NSW firies jump on vehicle tracking bandwagon

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NSW firies jump on vehicle tracking bandwagon
(Courtesy NSW Fire and Rescue Service)

Next step: mobility.

The NSW Fire and Rescue Service is roughly 135 units into a state-wide roll-out of an automatic vehicle location system (AVLS) that it hopes will make a significant difference to response times.

Its entire fleet of 560 is due to be equipped with GPS devices feeding location data into its Computer Aided Dispatch (CAD) system by the end of 2014.

The roll-out means NSW firies will join their colleagues in the Ambulance Service and NSW Police Force by having vehicles fitted with GPS equipment.

Under the old capability, teams were dispatched according to whatever fire station was closest to a reported incident, despite the fact that any number of its vehicles would be on the road and potentially much closer to the site of a fire.

Systems Officer Graham Tait told iTnews the AVLS capability should make it easier for the Service to get to the scene of an incident within its target of eight minutes in 90 percent of cases.

“Anecdotally we have already seen a reduction in response times but until we get the whole fleet up and running we are not going to know the true impact,” he said.

The AVLS became a viable option for the NSW Fire and Rescue Service after it upgraded its CAD system about 12 months ago to a solution with in-built AVLS monitoring capability.

The GPS equipment itself has been sourced from vehicle tracking specialists Step Global, and with “a little bit of integration work” Tait said the back office has been prepared to carry out GPS guided dispatch.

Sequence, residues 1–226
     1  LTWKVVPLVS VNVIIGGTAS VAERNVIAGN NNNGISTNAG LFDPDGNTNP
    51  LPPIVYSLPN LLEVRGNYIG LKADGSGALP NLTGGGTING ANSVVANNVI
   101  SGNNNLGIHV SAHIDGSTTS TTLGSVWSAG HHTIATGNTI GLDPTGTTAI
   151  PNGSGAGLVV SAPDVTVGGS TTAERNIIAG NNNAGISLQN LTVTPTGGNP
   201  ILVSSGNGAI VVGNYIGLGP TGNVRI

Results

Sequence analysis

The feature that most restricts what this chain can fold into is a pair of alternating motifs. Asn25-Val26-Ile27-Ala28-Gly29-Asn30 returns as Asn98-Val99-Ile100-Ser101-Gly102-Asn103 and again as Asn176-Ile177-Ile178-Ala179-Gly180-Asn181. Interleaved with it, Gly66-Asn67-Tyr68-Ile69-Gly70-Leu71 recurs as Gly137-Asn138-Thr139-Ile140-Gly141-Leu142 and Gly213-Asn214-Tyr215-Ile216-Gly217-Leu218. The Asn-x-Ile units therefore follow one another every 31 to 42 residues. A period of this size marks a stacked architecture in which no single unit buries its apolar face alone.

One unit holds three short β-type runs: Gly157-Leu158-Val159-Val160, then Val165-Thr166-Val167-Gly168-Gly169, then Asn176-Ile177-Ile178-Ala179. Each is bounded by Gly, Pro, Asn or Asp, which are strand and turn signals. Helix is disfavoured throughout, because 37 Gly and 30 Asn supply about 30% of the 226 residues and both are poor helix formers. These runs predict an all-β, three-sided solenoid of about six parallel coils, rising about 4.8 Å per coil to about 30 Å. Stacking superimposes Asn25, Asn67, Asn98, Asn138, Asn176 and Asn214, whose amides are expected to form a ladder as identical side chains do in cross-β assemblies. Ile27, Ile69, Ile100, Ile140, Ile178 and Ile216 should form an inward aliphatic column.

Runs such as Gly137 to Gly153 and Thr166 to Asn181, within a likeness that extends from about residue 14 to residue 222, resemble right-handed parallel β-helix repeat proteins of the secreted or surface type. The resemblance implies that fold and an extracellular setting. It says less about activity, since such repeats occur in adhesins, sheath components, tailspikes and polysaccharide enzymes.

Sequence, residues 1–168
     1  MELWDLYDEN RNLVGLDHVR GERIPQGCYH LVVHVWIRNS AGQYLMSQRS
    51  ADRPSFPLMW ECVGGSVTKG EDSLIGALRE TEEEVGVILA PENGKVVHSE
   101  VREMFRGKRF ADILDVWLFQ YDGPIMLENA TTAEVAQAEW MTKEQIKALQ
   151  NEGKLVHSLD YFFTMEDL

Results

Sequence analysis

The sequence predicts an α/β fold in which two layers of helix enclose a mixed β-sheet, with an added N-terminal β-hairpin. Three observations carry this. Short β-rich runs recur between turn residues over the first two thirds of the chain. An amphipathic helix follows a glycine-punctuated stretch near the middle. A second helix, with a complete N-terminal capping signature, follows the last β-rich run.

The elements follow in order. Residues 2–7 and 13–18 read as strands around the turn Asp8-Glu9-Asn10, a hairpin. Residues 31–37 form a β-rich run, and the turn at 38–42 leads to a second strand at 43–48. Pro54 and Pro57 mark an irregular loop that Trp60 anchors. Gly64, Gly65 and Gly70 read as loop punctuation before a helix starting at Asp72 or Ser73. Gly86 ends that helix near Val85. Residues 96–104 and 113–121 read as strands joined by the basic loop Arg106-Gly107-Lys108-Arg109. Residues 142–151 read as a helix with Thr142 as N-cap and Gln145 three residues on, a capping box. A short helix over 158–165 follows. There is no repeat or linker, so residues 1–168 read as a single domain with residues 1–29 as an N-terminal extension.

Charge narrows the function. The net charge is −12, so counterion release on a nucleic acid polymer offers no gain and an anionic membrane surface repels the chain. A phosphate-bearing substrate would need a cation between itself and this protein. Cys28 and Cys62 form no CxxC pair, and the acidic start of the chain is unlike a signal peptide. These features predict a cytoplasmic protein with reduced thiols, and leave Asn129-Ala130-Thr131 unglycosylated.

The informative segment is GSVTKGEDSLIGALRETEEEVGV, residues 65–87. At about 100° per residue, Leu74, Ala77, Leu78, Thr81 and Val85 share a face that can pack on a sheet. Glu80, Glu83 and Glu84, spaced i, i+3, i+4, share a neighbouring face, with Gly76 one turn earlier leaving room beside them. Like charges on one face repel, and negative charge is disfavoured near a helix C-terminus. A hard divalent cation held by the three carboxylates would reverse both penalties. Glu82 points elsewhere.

“We needed to change the messages from the proprietary format they came in over the network into the right format for our CAD system. There is a converter that sits between the GPS and the actual CAD system to do that job,” he said.

The system works by transmitting location data back to the central CAD every 15 seconds. CAD automatically calculates the distance between vehicles and an incident, taking into account speed limits and road restrictions, and nominates the best placed truck to respond.

Operating over the Telstra 3G network, Tait acknowledged that the AVLS is as susceptible to black spots as any mobile phone user.

“Drop-outs do happen,” he said.

“But because the system polls on a regular basis, if we haven’t heard from a particular truck for five minutes it will flag a warning to the operator that the location information may not be up to date and the operator will put a radio call to the truck just to double check where they are”.

Emergency Services Minister Mike Gallacher this week said the entire roll-out is only expected to cost the State Government $850,000 over three years.

“Not only is Fire and Rescue NSW leading the way with this technology, it has been able to do so for a bargain-basement price by researching the most cost-effective technologies,” he told parliament.

Mobility on the horizon

Next step on the Fire and Rescue Service’s operational technology modernisation will likely be the installation of mobile devices into fire trucks.

“At the moment we give officers dispatch information on a piece of paper as they are leaving the fire station or by voice over the radio,” said Tait.

“We are looking at getting mobile data units into our fire trucks which would allow us to send this information directly from the CAD system, alongside other useful information like where there nearest fire hydrant is and maps of the area.

“That is a project that is not yet funded but one we are looking to get some funding for,” he said.

However, glossy tablets in firetrucks are not part of the plan.

“Given the nature of our work I think we would end up breaking a lot of iPads. We are looking at rolling out some ruggedised devices so that when the firefighter drops it in the field its going to keep working,” Tait said.

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